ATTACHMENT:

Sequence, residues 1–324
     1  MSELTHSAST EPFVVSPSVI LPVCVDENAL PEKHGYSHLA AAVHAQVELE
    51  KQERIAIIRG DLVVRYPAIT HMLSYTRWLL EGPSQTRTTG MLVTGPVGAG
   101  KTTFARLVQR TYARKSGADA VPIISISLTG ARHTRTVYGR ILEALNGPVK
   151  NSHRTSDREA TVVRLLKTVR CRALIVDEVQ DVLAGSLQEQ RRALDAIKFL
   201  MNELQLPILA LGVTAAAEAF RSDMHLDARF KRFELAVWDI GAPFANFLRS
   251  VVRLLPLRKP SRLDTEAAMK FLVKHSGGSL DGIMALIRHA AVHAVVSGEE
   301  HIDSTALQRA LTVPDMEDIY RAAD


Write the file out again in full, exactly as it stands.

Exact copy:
Sequence, residues 1–324
     1  MSELTHSAST EPFVVSPSVI LPVCVDENAL PEKHGYSHLA AAVHAQVELE
    51  KQERIAIIRG DLVVRYPAIT HMLSYTRWLL EGPSQTRTTG MLVTGPVGAG
   101  KTTFARLVQR TYARKSGADA VPIISISLTG ARHTRTVYGR ILEALNGPVK
   151  NSHRTSDREA TVVRLLKTVR CRALIVDEVQ DVLAGSLQEQ RRALDAIKFL
   201  MNELQLPILA LGVTAAAEAF RSDMHLDARF KRFELAVWDI GAPFANFLRS
   251  VVRLLPLRKP SRLDTEAAMK FLVKHSGGSL DGIMALIRHA AVHAVVSGEE
   301  HIDSTALQRA LTVPDMEDIY RAAD